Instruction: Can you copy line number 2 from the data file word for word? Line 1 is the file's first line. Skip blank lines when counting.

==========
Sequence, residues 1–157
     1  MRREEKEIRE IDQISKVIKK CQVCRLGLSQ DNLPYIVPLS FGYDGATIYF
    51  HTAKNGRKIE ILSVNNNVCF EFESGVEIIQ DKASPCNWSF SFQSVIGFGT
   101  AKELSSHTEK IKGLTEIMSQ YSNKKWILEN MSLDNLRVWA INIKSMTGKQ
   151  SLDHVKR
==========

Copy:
     1  MRREEKEIRE IDQISKVIKK CQVCRLGLSQ DNLPYIVPLS FGYDGATIYF